Articles | Volume 11, issue 2
Research article
06 Mar 2023
Research article |  | 06 Mar 2023

Exploring the transition between water- and wind-dominated landscapes in Deep Springs, California, as an analog for transitioning landscapes on Mars

Taylor Dorn and Mackenzie Day


Interactive discussion

Status: closed

Comment types: AC – author | RC – referee | CC – community | EC – editor | CEC – chief editor | : Report abuse
  • RC1: 'Comment on egusphere-2022-1040', Anonymous Referee #1, 18 Dec 2022
  • RC2: 'Comment on egusphere-2022-1040', Elena Favaro, 11 Jan 2023
  • AC1: 'Comment on egusphere-2022-1040 for both reviewers', Taylor Dorn, 03 Feb 2023
    • AC2: 'Reply on AC1', Taylor Dorn, 03 Feb 2023

Peer review completion

AR: Author's response | RR: Referee report | ED: Editor decision | EF: Editorial file upload
AR by Taylor Dorn on behalf of the Authors (03 Feb 2023)  Author's tracked changes   Manuscript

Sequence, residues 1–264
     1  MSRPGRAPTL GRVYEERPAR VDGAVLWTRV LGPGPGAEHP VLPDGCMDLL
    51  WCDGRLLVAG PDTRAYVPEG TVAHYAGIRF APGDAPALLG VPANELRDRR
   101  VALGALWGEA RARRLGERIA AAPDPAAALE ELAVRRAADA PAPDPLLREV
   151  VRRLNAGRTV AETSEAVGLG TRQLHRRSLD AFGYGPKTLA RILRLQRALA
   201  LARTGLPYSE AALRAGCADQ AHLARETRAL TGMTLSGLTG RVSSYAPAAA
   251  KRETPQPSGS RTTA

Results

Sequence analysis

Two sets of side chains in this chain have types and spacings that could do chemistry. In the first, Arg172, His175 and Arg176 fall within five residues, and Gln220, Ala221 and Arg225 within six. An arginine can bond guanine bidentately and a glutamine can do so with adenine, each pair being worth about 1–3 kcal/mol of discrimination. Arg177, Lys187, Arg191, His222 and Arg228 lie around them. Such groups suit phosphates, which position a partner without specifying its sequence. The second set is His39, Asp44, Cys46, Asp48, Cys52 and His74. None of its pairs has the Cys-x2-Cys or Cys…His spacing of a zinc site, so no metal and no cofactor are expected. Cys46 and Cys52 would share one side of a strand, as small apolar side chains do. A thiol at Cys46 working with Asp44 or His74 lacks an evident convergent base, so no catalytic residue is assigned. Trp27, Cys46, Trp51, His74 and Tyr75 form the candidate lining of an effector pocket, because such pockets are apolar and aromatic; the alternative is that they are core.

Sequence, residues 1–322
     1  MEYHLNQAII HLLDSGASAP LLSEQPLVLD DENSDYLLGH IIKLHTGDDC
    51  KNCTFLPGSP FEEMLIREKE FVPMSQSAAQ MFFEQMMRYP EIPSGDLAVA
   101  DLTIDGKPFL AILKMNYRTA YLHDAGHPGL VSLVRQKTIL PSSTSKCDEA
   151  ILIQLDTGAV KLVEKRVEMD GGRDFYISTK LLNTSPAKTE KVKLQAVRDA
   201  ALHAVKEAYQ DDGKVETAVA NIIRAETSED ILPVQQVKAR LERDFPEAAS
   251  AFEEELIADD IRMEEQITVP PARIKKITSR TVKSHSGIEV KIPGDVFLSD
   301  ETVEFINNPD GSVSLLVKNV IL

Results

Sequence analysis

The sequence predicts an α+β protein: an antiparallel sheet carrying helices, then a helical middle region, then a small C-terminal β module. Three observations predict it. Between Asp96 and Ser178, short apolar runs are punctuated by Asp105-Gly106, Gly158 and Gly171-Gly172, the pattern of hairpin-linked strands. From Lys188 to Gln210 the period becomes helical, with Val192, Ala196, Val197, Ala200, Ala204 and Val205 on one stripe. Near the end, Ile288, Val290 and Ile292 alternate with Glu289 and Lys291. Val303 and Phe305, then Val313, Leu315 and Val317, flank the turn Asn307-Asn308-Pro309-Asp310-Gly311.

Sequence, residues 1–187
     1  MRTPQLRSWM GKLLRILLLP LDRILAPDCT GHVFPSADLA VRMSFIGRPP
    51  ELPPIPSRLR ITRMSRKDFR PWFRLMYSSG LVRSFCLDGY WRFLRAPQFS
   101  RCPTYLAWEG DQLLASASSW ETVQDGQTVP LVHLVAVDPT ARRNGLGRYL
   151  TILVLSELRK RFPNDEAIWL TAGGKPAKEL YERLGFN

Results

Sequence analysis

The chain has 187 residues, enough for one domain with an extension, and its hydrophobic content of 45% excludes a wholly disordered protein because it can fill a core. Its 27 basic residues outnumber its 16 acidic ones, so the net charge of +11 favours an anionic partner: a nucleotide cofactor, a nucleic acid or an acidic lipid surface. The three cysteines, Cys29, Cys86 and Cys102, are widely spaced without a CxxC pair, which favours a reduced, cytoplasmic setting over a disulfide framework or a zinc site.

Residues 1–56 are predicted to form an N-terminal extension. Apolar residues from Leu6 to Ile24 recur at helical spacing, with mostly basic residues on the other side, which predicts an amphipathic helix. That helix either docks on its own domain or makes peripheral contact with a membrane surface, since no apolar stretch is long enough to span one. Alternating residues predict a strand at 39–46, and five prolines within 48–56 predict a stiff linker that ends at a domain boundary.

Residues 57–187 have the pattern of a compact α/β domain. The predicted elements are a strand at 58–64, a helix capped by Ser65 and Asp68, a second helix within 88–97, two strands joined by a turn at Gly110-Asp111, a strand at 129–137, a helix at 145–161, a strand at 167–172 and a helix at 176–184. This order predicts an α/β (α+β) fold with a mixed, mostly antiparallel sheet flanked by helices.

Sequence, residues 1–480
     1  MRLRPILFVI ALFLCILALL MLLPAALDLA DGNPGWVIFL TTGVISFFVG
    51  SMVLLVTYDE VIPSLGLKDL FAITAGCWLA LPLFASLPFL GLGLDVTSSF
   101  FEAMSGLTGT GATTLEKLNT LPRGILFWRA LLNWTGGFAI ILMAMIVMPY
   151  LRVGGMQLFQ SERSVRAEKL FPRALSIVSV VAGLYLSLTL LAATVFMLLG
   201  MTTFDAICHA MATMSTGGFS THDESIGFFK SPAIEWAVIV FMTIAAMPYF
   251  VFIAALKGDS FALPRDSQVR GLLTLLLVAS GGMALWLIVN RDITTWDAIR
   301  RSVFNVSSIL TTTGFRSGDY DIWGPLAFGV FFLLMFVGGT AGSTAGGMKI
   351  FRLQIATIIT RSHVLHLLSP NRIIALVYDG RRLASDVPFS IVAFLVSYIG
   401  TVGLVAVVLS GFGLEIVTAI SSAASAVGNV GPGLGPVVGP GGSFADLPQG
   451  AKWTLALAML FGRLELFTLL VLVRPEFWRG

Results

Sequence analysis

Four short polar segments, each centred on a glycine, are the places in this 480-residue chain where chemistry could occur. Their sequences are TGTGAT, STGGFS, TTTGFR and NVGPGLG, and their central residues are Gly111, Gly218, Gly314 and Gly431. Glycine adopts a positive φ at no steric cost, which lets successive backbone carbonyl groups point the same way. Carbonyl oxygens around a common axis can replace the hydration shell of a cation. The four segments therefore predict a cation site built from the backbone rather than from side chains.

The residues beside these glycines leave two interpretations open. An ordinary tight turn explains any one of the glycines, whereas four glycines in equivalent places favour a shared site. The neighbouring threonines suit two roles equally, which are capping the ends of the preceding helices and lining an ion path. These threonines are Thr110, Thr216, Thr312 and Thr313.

EF by Anna Mirena Feist-Polner (07 Feb 2023)  Author's response 
ED: Publish as is (08 Feb 2023) by Susan Conway
ED: Publish as is (08 Feb 2023) by Niels Hovius (Editor)
AR by Taylor Dorn on behalf of the Authors (13 Feb 2023)  Author's response   Manuscript 
Short summary
Planetary surfaces are shaped by both wind and water, and their resulting surface features are commonly observed by aerial images. Deep Springs playa, CA, provides a comparable wet-to-dry-transitioning landscape as experienced in Mars' past. Our results, made through collected weather data and drone footage, show that some features, when observed solely by aerial imagery, might be interpreted as being formed by wind when in fact other processes were more influential in their formation.